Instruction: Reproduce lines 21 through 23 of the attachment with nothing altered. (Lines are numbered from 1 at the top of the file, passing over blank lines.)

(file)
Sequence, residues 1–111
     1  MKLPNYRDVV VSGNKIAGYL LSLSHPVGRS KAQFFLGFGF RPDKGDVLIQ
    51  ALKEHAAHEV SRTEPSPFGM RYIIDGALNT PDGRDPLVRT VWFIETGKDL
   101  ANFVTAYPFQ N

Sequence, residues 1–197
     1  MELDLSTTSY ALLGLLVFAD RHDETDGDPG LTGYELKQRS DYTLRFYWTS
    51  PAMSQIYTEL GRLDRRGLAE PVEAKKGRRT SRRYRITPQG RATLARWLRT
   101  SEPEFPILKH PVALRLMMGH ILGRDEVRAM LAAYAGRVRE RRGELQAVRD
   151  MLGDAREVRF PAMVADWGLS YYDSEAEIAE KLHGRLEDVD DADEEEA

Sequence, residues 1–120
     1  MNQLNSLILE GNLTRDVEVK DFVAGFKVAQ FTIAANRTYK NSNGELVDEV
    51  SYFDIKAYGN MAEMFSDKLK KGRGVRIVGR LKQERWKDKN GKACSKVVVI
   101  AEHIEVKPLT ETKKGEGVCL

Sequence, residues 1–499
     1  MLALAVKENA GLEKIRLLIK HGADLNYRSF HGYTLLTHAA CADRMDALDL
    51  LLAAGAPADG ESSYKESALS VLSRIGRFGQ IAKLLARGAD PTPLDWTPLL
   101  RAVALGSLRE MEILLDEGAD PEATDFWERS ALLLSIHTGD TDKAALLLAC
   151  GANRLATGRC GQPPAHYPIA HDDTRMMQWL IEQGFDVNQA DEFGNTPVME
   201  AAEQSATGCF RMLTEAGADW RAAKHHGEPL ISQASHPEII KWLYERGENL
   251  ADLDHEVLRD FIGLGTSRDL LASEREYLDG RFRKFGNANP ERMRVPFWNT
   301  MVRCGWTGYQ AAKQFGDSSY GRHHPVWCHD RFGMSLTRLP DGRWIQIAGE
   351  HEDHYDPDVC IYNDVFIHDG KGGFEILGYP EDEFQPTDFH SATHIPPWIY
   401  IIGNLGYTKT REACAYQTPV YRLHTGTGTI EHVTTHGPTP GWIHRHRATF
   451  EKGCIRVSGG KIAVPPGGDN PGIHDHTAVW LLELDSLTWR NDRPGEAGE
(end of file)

   301  MVRCGWTGYQ AAKQFGDSSY GRHHPVWCHD RFGMSLTRLP DGRWIQIAGE
   351  HEDHYDPDVC IYNDVFIHDG KGGFEILGYP EDEFQPTDFH SATHIPPWIY
   401  IIGNLGYTKT REACAYQTPV YRLHTGTGTI EHVTTHGPTP GWIHRHRATF